Regarding the June 7 Point of View by Lacy Walthall concerning the grandparent scam: I wish my 89-year-old mother had been so lucky to get her money back. While she was living in Florida, she received a call, and the caller said: “Grandma?” (Red flag #1: All her grandkids call her Maw-Maw). She thought it sounded like one of her 12 grandkids, and she said, “Joseph?” That’s all it took for the hook to be set.
Much like Walthall’s case, the caller said he had been in an accident and was in jail and needed money right away and not to tell his mother. He said the money needed to be wired to Madrid, Spain, because that’s where the lawyers were handling it from. Seriously? Spain? He asked for $2,500. Told her to go to the bank and withdraw that and go to a Western Union. She dutifully did so. He pressured her to go immediately and not make any calls or tell anyone. This is a college-educated woman who has questioned things all her life and raised four children and ministered along side her pastor/husband.
After she wired the money and went home, more calls came! The same caller said he needed more money to clear the charges and send another $2,500 to some other foreign location. He continued the high pressure on her. Before she could gather her purse and keys a second time, he called to ask if she had left yet. The pressure is to keep them confused and rushed so they don’t think. All the time, she didn’t feel like she could call her daughter (the real Joseph’s mother) and ask her whether there was trouble.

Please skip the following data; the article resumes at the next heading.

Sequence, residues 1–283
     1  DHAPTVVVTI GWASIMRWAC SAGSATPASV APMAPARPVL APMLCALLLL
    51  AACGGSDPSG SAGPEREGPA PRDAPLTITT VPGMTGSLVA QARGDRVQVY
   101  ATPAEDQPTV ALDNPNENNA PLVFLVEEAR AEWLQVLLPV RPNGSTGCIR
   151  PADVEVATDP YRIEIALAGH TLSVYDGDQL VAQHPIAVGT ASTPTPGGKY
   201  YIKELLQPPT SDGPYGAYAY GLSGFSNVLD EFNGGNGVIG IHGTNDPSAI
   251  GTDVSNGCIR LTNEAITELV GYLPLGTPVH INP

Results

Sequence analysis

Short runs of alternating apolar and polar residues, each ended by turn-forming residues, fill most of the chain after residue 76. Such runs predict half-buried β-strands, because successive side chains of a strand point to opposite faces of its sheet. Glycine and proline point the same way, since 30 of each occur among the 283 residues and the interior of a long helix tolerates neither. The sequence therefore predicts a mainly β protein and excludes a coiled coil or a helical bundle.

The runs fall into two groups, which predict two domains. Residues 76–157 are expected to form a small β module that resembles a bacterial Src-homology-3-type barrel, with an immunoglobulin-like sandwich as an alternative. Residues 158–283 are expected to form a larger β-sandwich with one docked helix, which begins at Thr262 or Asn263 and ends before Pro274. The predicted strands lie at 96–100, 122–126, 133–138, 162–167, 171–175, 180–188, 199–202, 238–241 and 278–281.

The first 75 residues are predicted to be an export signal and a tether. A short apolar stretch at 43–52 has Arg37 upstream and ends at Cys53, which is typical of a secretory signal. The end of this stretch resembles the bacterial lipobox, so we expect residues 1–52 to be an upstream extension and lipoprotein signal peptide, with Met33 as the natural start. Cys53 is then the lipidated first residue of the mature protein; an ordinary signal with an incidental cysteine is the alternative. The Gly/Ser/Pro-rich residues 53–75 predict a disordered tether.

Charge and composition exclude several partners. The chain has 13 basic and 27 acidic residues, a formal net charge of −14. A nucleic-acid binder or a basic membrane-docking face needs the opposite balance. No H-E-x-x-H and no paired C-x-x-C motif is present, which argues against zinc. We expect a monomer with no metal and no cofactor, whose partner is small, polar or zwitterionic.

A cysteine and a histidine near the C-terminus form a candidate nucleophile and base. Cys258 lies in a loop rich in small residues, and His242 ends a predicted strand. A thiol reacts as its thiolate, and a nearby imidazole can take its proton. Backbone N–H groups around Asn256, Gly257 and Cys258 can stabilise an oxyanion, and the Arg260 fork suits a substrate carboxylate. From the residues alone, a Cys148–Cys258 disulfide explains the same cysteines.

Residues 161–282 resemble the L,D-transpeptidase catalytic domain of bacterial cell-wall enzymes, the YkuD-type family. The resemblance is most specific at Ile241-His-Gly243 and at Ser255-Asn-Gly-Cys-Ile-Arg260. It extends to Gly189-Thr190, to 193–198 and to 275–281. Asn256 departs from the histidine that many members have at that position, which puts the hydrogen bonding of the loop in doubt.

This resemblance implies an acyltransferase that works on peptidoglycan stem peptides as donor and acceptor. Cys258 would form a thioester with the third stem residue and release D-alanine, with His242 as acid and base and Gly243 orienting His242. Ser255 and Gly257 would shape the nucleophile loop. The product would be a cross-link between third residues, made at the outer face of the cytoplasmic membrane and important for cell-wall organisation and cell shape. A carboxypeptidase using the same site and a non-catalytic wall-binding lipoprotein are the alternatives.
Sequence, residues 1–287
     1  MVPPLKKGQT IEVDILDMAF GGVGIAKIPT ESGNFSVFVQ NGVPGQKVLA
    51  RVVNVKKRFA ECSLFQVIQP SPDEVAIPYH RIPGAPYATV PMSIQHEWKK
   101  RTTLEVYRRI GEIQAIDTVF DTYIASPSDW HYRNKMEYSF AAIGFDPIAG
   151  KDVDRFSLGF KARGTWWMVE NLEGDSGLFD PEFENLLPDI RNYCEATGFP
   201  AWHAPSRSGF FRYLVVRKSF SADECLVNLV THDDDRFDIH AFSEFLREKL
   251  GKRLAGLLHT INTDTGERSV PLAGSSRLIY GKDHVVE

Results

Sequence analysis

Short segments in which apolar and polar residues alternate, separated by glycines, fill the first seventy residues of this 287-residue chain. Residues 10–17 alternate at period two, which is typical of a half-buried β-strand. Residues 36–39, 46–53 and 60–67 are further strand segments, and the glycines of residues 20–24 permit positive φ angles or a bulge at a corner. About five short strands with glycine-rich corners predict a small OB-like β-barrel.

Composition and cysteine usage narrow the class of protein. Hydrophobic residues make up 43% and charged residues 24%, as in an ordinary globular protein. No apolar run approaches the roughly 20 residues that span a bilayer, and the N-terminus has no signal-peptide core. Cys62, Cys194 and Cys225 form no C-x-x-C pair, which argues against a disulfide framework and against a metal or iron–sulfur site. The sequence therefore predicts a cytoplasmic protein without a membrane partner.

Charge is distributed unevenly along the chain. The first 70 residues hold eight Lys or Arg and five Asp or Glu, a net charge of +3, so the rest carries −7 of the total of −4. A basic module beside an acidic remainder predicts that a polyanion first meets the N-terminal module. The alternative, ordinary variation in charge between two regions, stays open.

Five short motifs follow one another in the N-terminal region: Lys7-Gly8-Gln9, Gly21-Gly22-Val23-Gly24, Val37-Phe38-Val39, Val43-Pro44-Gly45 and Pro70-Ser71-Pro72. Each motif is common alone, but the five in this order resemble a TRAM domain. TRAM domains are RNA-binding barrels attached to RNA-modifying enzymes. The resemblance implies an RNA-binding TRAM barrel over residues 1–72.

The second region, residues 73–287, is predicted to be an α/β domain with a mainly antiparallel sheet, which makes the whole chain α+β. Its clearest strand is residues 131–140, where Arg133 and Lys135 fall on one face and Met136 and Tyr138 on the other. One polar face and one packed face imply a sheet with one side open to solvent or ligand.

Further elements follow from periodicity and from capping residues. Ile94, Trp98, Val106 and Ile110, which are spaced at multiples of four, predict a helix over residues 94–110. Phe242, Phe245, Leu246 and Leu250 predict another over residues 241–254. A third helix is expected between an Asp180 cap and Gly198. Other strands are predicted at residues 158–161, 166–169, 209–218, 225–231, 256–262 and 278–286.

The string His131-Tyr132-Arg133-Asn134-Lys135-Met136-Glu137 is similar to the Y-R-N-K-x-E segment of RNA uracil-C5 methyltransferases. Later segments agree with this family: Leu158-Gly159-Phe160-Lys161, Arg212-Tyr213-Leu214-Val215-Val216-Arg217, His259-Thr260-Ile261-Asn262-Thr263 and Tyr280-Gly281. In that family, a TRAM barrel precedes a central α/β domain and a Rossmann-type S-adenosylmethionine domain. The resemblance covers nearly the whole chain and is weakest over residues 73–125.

Here’s where there could have been help for an elderly, confused person. The bank teller should have questioned her when she went to withdraw $2,500 a second time and said, “Mrs. X, this doesn’t seem typical for your transactions. Is everything all right?” She lived in a very small town. She wired the second check. So, this wonderful grandmother who scrimped and saved all her life to have money that she deserved was robbed of $5,000 in a couple of hours over the phone! By the time she checked in with her daughter that afternoon and then called the Florida Attorney General’s office, it was too late. The money had been received, and there was no trail.
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Yes, this happens every day all over the country. Boomers need to tell their elderly parents not to fall for this. If they do get a call from someone pretending to be a grandchild, tell them to ask the caller certain questions that only the real person would know.
The length limit was waived to permit a fuller response to the issue.